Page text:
Thursday, October 20, 2016

International Prize in Statistics to Sir David Cox

Prominent British statistician Sir David Cox has been named the inaugural recipient of the International Prize in Statistics. Like the acclaimed Fields Medal, Abel Prize, Turing Award and Nobel Prize, the International Prize in Statistics is considered the highest honor in its field. It will be bestowed every other year to an individual or team for major achievements using statistics to advance science, technology and human welfare. 

This inaugural prize recognises Sir David’s seminal 1972 paper in which he developed the proportional hazards model that today bears his name. The Cox Model has been applied in many fields of science and engineering, from disease risk assessment and treatment evaluation to product liability, school dropout, re-incarceration and AIDS surveillance systems.

His mark on research is so great that his 1972 paper is one of the three most-cited papers in statistics and ranked 16th in Nature’s list of the top 100 most-cited papers of all time for all fields.

Read further details at:

Monday, May 9, 2016

Sunday, April 20, 2014

How Fast the Fastest Human Would Run 100m?

People have used extreme value theory to predict the records in various sports. Here is an articles which provides codes to visualize the same. One can update the dataset to take into account latest records. It's interesting to see how this updation affects the estimates:

Where nobody lives

Despite having a population of more than 310 million people, 47 percent of the USA remains unoccupied. Here is a map showing places where nobody lives:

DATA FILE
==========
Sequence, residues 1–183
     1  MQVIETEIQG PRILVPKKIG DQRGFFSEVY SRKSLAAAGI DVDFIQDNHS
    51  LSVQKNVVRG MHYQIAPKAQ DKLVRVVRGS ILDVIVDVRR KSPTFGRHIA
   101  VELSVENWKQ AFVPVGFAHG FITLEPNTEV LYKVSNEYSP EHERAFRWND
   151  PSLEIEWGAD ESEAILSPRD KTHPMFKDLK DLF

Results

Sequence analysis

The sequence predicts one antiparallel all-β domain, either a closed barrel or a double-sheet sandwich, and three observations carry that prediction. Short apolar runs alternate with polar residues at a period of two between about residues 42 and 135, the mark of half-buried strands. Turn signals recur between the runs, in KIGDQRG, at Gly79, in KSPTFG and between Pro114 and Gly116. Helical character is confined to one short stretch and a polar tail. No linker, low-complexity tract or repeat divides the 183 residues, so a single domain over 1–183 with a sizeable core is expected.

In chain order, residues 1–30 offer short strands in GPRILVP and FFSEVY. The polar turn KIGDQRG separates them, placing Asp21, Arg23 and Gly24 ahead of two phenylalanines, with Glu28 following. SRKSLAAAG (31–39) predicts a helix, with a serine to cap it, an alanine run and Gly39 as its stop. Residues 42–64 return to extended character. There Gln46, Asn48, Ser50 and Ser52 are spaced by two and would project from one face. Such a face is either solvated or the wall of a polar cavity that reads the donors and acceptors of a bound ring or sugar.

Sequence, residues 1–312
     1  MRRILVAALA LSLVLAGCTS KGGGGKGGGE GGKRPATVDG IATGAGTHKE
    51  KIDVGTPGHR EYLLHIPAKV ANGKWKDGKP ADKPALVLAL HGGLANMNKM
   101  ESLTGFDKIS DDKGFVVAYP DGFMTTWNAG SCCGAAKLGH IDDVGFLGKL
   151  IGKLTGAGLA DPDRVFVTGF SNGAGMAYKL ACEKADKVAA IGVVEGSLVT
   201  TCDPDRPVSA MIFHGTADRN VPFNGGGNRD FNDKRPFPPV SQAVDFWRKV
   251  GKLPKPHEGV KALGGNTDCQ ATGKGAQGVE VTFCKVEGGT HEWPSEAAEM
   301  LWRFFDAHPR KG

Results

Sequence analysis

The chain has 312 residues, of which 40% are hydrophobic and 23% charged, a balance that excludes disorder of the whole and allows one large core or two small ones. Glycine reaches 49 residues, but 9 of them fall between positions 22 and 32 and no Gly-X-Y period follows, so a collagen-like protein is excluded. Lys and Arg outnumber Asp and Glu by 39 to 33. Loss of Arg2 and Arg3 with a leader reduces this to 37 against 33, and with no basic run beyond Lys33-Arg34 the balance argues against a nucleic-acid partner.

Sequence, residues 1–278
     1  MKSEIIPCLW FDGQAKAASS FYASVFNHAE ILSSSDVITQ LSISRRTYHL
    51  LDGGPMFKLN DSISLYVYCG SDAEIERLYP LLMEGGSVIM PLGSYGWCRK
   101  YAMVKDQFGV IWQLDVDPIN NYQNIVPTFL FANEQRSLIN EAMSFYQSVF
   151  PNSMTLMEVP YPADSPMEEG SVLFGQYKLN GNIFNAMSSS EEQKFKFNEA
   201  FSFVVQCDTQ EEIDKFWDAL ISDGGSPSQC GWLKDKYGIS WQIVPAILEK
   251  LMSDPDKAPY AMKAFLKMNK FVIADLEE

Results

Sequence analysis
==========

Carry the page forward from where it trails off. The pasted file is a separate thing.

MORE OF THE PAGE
Vectorization in R: Why?

Beginning R users are often told to “vectorize” their code. Here, is an attempt to explain why vectorization can be advantageous in R by showing how R works under the hood:

Checking (G)LM assumptions in R

(Generalized) Linear models make some strong assumptions concerning the data structure. Here is how to verify those assumptions in R:

Wednesday, April 16, 2014

Mapping a century of earthquakes

Did you know that United States Geological Survey maintains an ever growing archive of earthquakes detected around the world, and they make it easy to query and download?
Here is how you can map that data using R:

Benefits of using Open Source Software

Why public universities should use open source software? Read the reasons at:

Monday, April 14, 2014

The Median Isn't the Message

The Median Isn't the Message is the wisest, most humane thing ever written about cancer and statistics. It is the antidote both to those who say that, "the statistics don't matter," and to those who have the unfortunate habit of pronouncing death sentences on patients who face a difficult prognosis. Anyone who researches the medical literature will confront the statistics for their disease. Anyone who reads this will be armed with reason and with hope: